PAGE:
We walk into the corner store drooling for shoelace licorice. My best friend in the whole world, even though he’s a boy, leads me through the too-close aisles, and almost knocks over a rack of Philly Inquirers. His summer buzz cut is so short, he’s almost bald, bony shoulders poke out of his Bruce Lee tank top, cut-offs, no socks in his black Kung Fu shoes. The dog choker chain that holds the two pieces of broom stick together swings back and forth in his back pocket, clanking when he walks. Manny stops in front of a round rack of key chains. He turns the rack, key chains swing, crashing into each other. I stare, hypnotized by the different plastic animals that hang from the key rings. He asks which one I like. I like the monkey best.
I do not know him and never
will: old spitting man, man in suspenders. Anyhow, everyone’s
grandfather is like this. His has some yellow teeth and some are
Radio Lung’aho’s whisper rose from the darkness, barely audible over the hissing of cicadas outside in the Kenyan night.
The little boy is disgusted by the
monkeys but adores the lions as his peers adore their older brothers
The house, so full with the heavy breath of prayer and the shifting feet of the waiting, settles another inch and the long vigil is suddenly over. Ona’s mother is dead. One after another, the women untangle their hands from their rosary beads and feel relief in knowing that now there will be more productive things to do than pray.
August 30, 1957. SS France
Whoopee! Junior Year in Paris. Universite de la Sorbonne, here I come.
Arrived in New York Friday, right on schedule. But let me tell you, baby sister, there’s a big difference between Birmingham trains and the trains up north. For one thing, there are no separate cars. It’s whites and coloreds all together, if you please. And no “Mornin’ ma’am.” Just hustle-bustle.
When my husband called the other day, I thought there was an emergency. We’d only talked once in the five months since we’d been separated.
“It’s about our son, David,” Frank said, as if I might not recall the name of our only child.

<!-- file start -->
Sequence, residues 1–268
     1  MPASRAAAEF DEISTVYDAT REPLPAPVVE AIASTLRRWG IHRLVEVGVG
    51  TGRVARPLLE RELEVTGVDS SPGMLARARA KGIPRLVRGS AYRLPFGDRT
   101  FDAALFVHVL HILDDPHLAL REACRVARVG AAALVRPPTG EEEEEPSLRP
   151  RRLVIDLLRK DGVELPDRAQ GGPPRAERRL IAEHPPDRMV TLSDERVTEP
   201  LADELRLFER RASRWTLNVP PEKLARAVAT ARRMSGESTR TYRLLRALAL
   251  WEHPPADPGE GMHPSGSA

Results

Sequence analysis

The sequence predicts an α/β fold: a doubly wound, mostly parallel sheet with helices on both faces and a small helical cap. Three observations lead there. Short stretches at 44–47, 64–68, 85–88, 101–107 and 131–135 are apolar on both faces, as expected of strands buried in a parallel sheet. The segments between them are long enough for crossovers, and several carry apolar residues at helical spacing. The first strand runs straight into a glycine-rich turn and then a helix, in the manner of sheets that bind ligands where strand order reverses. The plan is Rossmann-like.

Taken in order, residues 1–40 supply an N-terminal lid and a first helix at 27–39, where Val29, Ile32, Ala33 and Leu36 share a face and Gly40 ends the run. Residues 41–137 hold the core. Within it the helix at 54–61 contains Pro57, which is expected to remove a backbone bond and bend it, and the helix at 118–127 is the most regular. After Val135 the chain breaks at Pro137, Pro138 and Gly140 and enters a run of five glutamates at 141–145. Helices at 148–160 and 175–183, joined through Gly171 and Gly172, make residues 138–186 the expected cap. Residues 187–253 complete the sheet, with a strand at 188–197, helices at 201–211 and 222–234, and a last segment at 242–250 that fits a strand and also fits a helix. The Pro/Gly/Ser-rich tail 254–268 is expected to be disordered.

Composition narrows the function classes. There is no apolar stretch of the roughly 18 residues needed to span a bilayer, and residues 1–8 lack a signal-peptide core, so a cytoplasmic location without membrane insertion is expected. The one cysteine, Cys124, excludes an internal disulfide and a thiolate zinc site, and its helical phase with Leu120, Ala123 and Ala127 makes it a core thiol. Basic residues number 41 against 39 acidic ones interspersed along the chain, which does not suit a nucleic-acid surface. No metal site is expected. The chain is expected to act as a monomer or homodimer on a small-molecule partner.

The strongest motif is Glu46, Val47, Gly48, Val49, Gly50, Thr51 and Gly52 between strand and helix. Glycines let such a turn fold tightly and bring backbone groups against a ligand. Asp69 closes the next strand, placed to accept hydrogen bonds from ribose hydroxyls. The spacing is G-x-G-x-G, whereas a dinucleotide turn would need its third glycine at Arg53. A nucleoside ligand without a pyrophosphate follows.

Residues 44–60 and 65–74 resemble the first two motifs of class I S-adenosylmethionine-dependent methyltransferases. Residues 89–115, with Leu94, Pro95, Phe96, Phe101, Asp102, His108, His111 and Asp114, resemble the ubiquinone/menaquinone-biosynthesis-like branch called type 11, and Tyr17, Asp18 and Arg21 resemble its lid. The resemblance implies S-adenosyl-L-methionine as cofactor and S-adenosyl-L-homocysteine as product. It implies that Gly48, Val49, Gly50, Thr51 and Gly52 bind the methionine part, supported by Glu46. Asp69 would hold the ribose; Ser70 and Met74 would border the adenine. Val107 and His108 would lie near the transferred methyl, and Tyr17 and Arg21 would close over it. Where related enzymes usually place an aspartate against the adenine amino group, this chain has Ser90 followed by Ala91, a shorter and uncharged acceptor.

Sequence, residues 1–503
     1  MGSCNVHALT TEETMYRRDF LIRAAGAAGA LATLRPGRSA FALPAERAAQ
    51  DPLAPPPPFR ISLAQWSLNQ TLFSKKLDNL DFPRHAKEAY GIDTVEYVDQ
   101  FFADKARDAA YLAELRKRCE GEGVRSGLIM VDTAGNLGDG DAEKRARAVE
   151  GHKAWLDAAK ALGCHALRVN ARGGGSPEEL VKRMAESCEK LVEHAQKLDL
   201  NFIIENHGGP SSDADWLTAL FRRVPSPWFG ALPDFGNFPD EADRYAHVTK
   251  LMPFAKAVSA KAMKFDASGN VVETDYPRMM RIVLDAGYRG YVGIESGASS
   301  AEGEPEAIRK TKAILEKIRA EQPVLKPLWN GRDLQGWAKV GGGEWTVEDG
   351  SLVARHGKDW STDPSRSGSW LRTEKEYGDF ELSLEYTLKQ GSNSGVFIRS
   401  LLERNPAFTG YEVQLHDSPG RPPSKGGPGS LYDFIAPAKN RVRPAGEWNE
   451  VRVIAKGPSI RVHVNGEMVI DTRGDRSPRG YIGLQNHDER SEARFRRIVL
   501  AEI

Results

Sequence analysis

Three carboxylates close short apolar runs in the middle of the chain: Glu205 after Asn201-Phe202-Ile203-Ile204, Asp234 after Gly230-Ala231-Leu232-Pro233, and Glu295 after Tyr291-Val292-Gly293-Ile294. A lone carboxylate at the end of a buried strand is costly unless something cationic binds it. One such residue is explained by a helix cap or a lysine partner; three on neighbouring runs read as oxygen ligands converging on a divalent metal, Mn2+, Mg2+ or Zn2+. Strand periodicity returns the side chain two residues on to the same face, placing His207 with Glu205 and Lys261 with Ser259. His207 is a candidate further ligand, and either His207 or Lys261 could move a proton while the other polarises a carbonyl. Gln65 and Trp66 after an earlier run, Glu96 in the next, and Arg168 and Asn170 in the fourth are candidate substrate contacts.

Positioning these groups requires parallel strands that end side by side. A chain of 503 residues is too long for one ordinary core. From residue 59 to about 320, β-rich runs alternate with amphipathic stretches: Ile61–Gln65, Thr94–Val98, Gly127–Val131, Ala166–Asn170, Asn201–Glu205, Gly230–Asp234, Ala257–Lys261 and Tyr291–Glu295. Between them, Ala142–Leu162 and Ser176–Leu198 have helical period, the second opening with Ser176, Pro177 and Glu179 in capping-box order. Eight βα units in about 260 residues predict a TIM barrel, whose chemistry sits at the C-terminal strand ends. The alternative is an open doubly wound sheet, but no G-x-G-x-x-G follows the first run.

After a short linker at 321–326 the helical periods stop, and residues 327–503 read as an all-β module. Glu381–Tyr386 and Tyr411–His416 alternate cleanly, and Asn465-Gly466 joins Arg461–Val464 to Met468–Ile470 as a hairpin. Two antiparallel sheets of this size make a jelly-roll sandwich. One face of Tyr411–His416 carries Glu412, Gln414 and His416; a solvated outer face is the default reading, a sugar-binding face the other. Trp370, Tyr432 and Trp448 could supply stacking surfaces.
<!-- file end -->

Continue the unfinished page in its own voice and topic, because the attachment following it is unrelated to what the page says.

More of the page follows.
“Wait,” I said. “Have you been drinking?” It was one in the afternoon, a Saturday.
“I got a post card from him today,” Frank said. “He’s not in college any more.”
“What?” I said. “Where is he?”
Everyone loves a dead body.
The yellow tape, the grim-faced police officers and the emergency vehicles contrast with the peacefully falling snow and Christmas decorations strung along the cul-de-sac. The children’s thoughts are no longer of Santa Claus as they watch the men unload a black bodybag containing Darlese Claxton. Everyone stands by their doors, staring. Even big Julio Sanchez, who rarely leaves the comfort of his couch, takes in the scene, his three-year-old son in his arms.
After finding the ring in the bar of soap I told Herb there were two things I needed to do before I married him: get the shovel out of the lake and take the red rose from Danny.
Herb looked at me in his brittle, self-effacing way and said, didn’t I love him?
The soap had begun in the shape of a pink mollusk shell. He had given it to me on Valentine’s Day five weeks before, and it had taken me all that time to wear it down to a nub at its center.
February. Plowed hills of gray snow bordered Philadelphia, block after block. Clattering trains and muddy sidewalks echoed unkept promises and, each day on the busy streets near his office, Walt heard the unnerving chatter of businessmen and false camaraderie. After work, Walt bent in against cold air, crossing icy walkways under the hulking metal of the Ben Franklin Bridge. He wanted nothing more than warmth. Uncomplicated company. At the Waterfront Bar, American flags snapped and collapsed in the shifting winds, and Walt spent the better part of each night there trying not to be so angry.